Once it has been determined how the position supports the goals of the organization, the supervisor can begin developing explicit duty statements for the position. A list of duties may be found in section 2 of the position’s Classification and Recruitment Form (CARF). Almost any position can be described in no more than six duty statements, and for some positions, fewer are needed. Some typical duty statements are provided as examples.

Example 1: Audits usage of all radioactive materials to ensure proper usage and disposition.

Example 2: Designs, implements and administers local area network that meets departmental needs and interfaces seamlessly with university network.

Example 3: Tracks grant funding opportunities; keeps appropriate faculty informed of opportunities in their research areas to maximize outside funding of university research activities.

There are some general guidelines for writing duty statements. Note that in the examples, all the verbs are specific and active (e.g., audits). "Responsible for" is not appropriate in a duty statement. Note also that the verb always has an object (e.g., audits usage of all radioactive materials). Finally, note that the duty statement says why the duty is done, or what is supposed to be accomplished by completion of the duty (e.g., audits usage of all radioactive materials to ensure proper usage and disposition).

There are several helpful approaches to generate duty statements. One way is to think about how a staff member currently spends his time. A second approach is to consider what one would say to a very desirable position applicant who asked how a typical day on the job would be spent. A third approach is to consider what other staff members would have to accomplish if the position in question were abolished. If what the staff member is supposed to do have never been discussed, there is no reason to expect him Second, consider the importance of the duty. These are not necessarily the same. A fundraiser spends relatively little time closing the agreement for a specific donation (compared to the amount of time spent establishing a relationship with a prospective donor, for example) but it is clearly the most important part of the position. Consider the consequences to the unit if a duty is not done or done poorly. The total of the weights assigned should be 100%.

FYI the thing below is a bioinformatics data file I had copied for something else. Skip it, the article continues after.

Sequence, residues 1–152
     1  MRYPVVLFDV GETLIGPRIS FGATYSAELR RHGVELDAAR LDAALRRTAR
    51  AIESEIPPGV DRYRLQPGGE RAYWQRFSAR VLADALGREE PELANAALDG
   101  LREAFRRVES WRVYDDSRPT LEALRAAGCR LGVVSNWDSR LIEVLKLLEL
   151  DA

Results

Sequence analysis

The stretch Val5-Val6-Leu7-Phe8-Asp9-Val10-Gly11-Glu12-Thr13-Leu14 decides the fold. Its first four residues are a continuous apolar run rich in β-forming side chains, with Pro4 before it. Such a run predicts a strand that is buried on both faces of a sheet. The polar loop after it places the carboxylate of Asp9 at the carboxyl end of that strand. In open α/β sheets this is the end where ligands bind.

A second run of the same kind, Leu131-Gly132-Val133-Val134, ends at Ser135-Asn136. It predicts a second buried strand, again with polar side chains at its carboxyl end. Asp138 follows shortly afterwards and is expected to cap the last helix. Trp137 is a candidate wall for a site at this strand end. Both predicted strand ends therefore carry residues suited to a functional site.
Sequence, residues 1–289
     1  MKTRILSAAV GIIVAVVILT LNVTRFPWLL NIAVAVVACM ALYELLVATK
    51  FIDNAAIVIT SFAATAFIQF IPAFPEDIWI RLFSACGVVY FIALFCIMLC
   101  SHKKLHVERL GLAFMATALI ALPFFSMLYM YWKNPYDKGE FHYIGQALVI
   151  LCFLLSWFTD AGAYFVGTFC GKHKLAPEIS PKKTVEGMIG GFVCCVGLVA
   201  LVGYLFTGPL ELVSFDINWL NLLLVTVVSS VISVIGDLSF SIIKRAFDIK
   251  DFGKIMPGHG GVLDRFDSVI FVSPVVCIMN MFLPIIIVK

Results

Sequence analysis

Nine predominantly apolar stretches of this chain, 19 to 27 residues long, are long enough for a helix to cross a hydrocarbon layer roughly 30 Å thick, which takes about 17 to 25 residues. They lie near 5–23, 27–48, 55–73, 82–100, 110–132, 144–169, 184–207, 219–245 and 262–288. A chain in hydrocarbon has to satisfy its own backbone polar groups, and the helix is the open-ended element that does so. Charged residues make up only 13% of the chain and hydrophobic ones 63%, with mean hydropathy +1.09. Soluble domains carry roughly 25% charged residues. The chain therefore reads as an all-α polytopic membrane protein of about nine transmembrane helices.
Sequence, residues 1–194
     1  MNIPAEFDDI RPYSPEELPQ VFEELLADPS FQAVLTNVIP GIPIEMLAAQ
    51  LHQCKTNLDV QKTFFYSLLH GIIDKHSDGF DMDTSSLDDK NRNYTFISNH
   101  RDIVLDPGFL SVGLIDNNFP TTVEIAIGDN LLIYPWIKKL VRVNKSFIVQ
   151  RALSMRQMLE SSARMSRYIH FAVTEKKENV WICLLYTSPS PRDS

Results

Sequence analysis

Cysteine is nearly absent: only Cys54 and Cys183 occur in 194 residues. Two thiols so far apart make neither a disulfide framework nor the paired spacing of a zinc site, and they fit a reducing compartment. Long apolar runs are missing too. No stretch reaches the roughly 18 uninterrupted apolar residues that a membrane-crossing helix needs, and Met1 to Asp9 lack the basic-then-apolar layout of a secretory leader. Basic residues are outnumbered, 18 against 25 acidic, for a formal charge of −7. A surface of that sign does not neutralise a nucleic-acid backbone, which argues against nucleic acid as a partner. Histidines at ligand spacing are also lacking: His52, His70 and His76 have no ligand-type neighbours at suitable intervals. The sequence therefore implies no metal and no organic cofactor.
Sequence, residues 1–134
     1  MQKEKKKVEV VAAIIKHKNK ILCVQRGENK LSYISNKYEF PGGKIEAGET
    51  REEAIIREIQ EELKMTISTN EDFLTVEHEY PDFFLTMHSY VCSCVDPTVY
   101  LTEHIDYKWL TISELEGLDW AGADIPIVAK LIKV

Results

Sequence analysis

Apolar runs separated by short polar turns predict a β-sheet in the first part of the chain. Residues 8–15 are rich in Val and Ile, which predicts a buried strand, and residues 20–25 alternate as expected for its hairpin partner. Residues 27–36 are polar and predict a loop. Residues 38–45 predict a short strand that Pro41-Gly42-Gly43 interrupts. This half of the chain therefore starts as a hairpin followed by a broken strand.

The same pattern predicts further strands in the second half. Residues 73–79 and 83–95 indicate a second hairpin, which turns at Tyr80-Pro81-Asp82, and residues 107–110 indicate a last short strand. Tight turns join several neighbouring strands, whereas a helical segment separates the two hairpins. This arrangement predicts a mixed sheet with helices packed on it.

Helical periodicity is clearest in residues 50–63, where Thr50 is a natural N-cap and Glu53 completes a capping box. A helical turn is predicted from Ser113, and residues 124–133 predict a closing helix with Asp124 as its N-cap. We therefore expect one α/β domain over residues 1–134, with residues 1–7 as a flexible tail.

The next stage requires development of results and behaviors to use in setting performance standards relative to duty accomplishment. One or more results and/or behaviors must be developed for each duty. These performance indicators also need to be weighted. The sum of the weights for all results and behaviors associated with a duty should sum to the weight assigned the duty. In some cases, a result or behavior may be associated with more than one duty. The total of weights assigned to results and duties should be 100%.

Next, you can define key behaviors.